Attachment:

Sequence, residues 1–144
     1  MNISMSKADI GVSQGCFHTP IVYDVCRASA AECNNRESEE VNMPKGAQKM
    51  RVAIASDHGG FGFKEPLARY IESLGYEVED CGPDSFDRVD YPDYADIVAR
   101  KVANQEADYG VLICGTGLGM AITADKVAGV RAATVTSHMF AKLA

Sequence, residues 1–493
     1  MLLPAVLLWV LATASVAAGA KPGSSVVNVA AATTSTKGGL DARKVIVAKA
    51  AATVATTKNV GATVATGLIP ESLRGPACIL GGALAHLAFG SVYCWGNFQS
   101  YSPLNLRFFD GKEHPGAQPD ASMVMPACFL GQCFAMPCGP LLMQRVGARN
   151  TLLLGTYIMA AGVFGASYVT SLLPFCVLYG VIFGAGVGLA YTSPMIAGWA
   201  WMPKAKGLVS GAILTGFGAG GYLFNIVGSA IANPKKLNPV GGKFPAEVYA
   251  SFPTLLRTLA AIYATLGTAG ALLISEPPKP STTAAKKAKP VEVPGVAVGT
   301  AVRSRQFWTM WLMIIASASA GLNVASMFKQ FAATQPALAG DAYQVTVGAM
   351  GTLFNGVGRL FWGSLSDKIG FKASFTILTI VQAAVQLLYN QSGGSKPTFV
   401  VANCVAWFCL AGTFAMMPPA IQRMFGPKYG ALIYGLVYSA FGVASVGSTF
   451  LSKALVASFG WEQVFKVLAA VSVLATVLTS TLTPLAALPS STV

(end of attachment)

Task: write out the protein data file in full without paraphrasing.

Sequence, residues 1–144
     1  MNISMSKADI GVSQGCFHTP IVYDVCRASA AECNNRESEE VNMPKGAQKM
    51  RVAIASDHGG FGFKEPLARY IESLGYEVED CGPDSFDRVD YPDYADIVAR
   101  KVANQEADYG VLICGTGLGM AITADKVAGV RAATVTSHMF AKLA

Sequence, residues 1–493
     1  MLLPAVLLWV LATASVAAGA KPGSSVVNVA AATTSTKGGL DARKVIVAKA
    51  AATVATTKNV GATVATGLIP ESLRGPACIL GGALAHLAFG SVYCWGNFQS
   101  YSPLNLRFFD GKEHPGAQPD ASMVMPACFL GQCFAMPCGP LLMQRVGARN
   151  TLLLGTYIMA AGVFGASYVT SLLPFCVLYG VIFGAGVGLA YTSPMIAGWA
   201  WMPKAKGLVS GAILTGFGAG GYLFNIVGSA IANPKKLNPV GGKFPAEVYA
   251  SFPTLLRTLA AIYATLGTAG ALLISEPPKP STTAAKKAKP VEVPGVAVGT
   301  AVRSRQFWTM WLMIIASASA GLNVASMFKQ FAATQPALAG DAYQVTVGAM
   351  GTLFNGVGRL FWGSLSDKIG FKASFTILTI VQAAVQLLYN QSGGSKPTFV
   401  VANCVAWFCL AGTFAMMPPA IQRMFGPKYG ALIYGLVYSA FGVASVGSTF
   451  LSKALVASFG WEQVFKVLAA VSVLATVLTS TLTPLAALPS STV